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Alaska Sleep Education Center

Parasomnia Events: The Rarely-Talked About Sleep Disorders

Posted by Stefanie Leiter

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on Jan 14, 2019, 12:05:00 PM

It is the other sleeping disorders people are either too embarrassed or too confused to talk about with others. But they have become problems that plague many Americans each day creating an unhealthy environment in the bedroom when trying to sleep the recommended 7 to 9 hours every night.para1

A parasomnia involves undesired events that come along with sleep. Though classified as abnormal, the number of parasomnia events can include sleep eating disorders, sleep hallucinations, sleepwalking, nightmares, sleep paralysis, sleep aggression, and sexsomnia.

Hallucinations:

Sleep hallucinations are most common when one is about to fall asleep or are just waking up. Similar to a nightmare or dream, the difference remains in reality. Dreams or nightmares are illogical but hallucinations are imagined events that seem very real to the participant. It can include a number of the five senses but is mostly visual and involves motion.

More common in young adults and women, sleep hallucinations effect 1 out of 3 people and are frequent episodes of people suffering with narcolepsy. Current drug use, past alcohol use, mood disorders, and anxiety are the most common factors.

Though medications can help with treatment, sleep specialists normally work with the patient to establish regular bedtime routines to create a normal REM cycle.

Sleep Paralysis: 

Another disorder recurrent with parasomnia is sleep paralysis. Like hallucinations, paralysis occurs when falling asleep or waking up from sleep. While sleeping, your brain relaxes the muscles while asleep; in paralysis events this occurs while you are awake.

Paralysis can occur often or infrequently depending on the episode lengths and your own health history. Teens tend to be the most frequent cases and can be a first sign of narcolepsy.

paraThose who frequently experience sleep paralysis either for a few seconds or a few minutes at a time when waking or falling asleep are normally treated through a sleep specialist. Routine sleep scheduling and antidepressants to reduce dream sleep sequences are common treatments.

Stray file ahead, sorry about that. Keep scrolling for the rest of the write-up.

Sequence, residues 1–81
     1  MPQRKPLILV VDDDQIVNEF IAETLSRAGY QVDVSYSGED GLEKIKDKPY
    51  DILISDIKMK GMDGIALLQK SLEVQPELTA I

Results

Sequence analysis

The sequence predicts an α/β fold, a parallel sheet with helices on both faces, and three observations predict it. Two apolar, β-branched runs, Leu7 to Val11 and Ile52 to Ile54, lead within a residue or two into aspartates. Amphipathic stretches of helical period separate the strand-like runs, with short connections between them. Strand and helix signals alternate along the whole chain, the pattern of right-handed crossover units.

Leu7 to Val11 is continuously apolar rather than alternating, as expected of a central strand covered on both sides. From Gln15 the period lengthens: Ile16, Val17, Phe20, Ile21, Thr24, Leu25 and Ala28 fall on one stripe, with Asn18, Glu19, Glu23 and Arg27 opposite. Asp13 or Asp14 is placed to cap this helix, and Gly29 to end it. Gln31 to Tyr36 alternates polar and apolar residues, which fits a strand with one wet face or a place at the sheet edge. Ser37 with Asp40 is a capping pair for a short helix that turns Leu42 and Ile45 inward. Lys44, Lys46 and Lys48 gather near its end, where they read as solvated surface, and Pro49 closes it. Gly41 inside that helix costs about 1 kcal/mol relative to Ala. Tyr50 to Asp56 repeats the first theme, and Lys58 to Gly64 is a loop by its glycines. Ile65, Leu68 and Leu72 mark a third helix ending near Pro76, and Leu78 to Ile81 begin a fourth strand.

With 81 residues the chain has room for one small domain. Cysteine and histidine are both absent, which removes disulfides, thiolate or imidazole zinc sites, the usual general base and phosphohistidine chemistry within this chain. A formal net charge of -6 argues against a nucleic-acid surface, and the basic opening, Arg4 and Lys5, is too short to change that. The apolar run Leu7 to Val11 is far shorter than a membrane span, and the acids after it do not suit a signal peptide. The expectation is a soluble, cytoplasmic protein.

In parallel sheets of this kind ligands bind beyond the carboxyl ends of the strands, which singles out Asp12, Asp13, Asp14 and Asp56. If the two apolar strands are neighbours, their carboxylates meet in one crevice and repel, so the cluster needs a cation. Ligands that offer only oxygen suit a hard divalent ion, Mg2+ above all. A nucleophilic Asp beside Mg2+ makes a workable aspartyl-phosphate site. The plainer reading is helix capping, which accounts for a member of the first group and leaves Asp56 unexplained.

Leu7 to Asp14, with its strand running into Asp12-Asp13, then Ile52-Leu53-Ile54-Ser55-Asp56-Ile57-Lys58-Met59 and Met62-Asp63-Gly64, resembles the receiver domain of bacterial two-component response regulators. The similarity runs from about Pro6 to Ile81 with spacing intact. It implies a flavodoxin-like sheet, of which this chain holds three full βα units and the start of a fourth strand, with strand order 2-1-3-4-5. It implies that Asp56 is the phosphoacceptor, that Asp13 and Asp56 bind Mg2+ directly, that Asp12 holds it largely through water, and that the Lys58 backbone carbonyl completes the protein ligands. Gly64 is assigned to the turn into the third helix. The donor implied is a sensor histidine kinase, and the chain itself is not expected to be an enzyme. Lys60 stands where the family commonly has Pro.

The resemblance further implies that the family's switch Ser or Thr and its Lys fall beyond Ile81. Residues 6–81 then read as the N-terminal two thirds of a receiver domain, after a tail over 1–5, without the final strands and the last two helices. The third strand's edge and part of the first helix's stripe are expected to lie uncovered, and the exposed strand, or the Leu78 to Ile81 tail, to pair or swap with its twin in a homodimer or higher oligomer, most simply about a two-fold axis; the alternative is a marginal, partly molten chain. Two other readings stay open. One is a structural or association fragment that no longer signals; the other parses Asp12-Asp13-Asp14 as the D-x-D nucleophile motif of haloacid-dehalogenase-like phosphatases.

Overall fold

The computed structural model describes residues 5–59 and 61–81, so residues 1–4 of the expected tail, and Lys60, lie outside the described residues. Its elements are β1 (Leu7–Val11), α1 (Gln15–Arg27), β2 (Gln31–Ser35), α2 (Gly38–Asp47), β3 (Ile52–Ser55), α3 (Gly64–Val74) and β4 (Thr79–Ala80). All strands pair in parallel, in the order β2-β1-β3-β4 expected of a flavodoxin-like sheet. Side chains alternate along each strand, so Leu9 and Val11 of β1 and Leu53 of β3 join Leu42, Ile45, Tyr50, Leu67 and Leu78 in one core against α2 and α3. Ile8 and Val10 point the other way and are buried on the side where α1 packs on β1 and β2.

Though many believe the best help they can give a loved one suffering from a parasomnia episode would be to wake up or shake, this sometimes triggers a violent or irritable response.

 

Sleep-eating Disorders:

Sleep-related eating disorder (SRED) consists of repeated episodes of compulsive binge eating and drinking after waking up in the night. Occurring mainly when a person is partially awake, two extremes happen during SRED: full alertness or no recollection.

Stopping the individual in the midst of eating can trigger anger. Nearly every night those suffering with SRED can have an episode with high calorie food most frequently eaten including thick or sugary foods such as syrups or peanut butter.

Issues when dealing with SRED include improper food preparation (either too hot or too cold), cutting themselves when preparing, or undercooking meats. Alcohol is not normally consumed though cannot be ruled out entirely depending on a person’s health history.

Sleep specialists normally recommend a consistent bedtime routine, sleep schedule, and clear path to the kitchen while diagnosing the pattern.

 

Sexsomnia:

Triggered mainly in men, sexsominia has left many researchers and phsyicians puzzled. Occurring a lot like sleepwalking, the patient wakes up and has sex while sleeping without any memory of the occurrence. No cure has been found to work except a reduction in stress and anxiety. It happens infrequently and nonviolently in studied cases.

Confusional arousals cause strange behavior such as poor memory, slurred speech, and blunt responses to questions. You may feel groggy or disoriented when waking up or to the other extreme feeling aggressive or angry. Not treating confusional arousals could cause strains on important relationships and could worsen with age.

Sleep Journaling:

Dr. Matthew Ebben, a psychologist in the Department of Neurology and Neuroscience at New York-Presbyterian and Weill Cornell Medicine who specializes in sleep medicine, believes a sleep diary or journal is the best course of action when someone is experiencing prolonged sleep disturbances. Most sleep specialists require a sleep journal or diary prior to a study.

What is important to remember when keeping a sleep journal is to understand what to include. The time you fell asleep, the time you woke up, medications, caffeine intake, exercise, alcohol use, naps, sleepiness at work, meals close to bedtime, and your bedtime routine are a few items needed to include. For more suggestions, review this video from NBC Better Health.

Once sleep journaling occurs and a sleep study is scheduled does not mean the parasomnia event is completely cured. In times of stress, vacations, or life events that alter the course of the normal, a sleep journal may help track any disturbances.

A strong benefit to journaling your sleeping patterns and bedtime behaviors is taking the proactive stance to improve your health. An important understanding for a sleep journal when dealing with parasomnia is that the journal does not replace medical treatment or to be used to self-diagnose.

If you live in Alaska and are ready to take back your sleep, contact The Alaska Sleep Clinic and receive a free 10-minute phone consultation with a sleep educator who can help you determine if a sleep study is right for you.

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Topics: parasomnia, sleep habits, sleep walking, cognitive sleep issues, hallucenations

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